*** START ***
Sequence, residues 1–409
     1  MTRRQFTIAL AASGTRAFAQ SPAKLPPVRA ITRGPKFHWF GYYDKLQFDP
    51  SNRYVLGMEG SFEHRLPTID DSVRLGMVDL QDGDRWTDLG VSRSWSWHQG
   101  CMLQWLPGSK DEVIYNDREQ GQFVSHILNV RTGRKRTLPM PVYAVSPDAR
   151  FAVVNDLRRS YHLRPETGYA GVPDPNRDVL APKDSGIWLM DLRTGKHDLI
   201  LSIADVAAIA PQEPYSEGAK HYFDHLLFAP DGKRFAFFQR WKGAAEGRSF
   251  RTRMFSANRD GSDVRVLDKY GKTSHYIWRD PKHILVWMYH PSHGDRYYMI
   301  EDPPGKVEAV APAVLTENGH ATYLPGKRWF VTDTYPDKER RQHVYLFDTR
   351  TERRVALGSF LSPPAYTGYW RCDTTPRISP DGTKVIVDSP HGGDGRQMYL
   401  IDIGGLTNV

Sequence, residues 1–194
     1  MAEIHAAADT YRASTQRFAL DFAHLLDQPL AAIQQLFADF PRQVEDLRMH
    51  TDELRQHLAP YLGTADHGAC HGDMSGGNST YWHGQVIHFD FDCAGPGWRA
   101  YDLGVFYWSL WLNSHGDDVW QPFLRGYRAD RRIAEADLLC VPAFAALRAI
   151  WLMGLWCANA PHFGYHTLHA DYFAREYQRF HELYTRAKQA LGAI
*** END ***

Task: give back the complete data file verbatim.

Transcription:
Sequence, residues 1–409
     1  MTRRQFTIAL AASGTRAFAQ SPAKLPPVRA ITRGPKFHWF GYYDKLQFDP
    51  SNRYVLGMEG SFEHRLPTID DSVRLGMVDL QDGDRWTDLG VSRSWSWHQG
   101  CMLQWLPGSK DEVIYNDREQ GQFVSHILNV RTGRKRTLPM PVYAVSPDAR
   151  FAVVNDLRRS YHLRPETGYA GVPDPNRDVL APKDSGIWLM DLRTGKHDLI
   201  LSIADVAAIA PQEPYSEGAK HYFDHLLFAP DGKRFAFFQR WKGAAEGRSF
   251  RTRMFSANRD GSDVRVLDKY GKTSHYIWRD PKHILVWMYH PSHGDRYYMI
   301  EDPPGKVEAV APAVLTENGH ATYLPGKRWF VTDTYPDKER RQHVYLFDTR
   351  TERRVALGSF LSPPAYTGYW RCDTTPRISP DGTKVIVDSP HGGDGRQMYL
   401  IDIGGLTNV

Sequence, residues 1–194
     1  MAEIHAAADT YRASTQRFAL DFAHLLDQPL AAIQQLFADF PRQVEDLRMH
    51  TDELRQHLAP YLGTADHGAC HGDMSGGNST YWHGQVIHFD FDCAGPGWRA
   101  YDLGVFYWSL WLNSHGDDVW QPFLRGYRAD RRIAEADLLC VPAFAALRAI
   151  WLMGLWCANA PHFGYHTLHA DYFAREYQRF HELYTRAKQA LGAI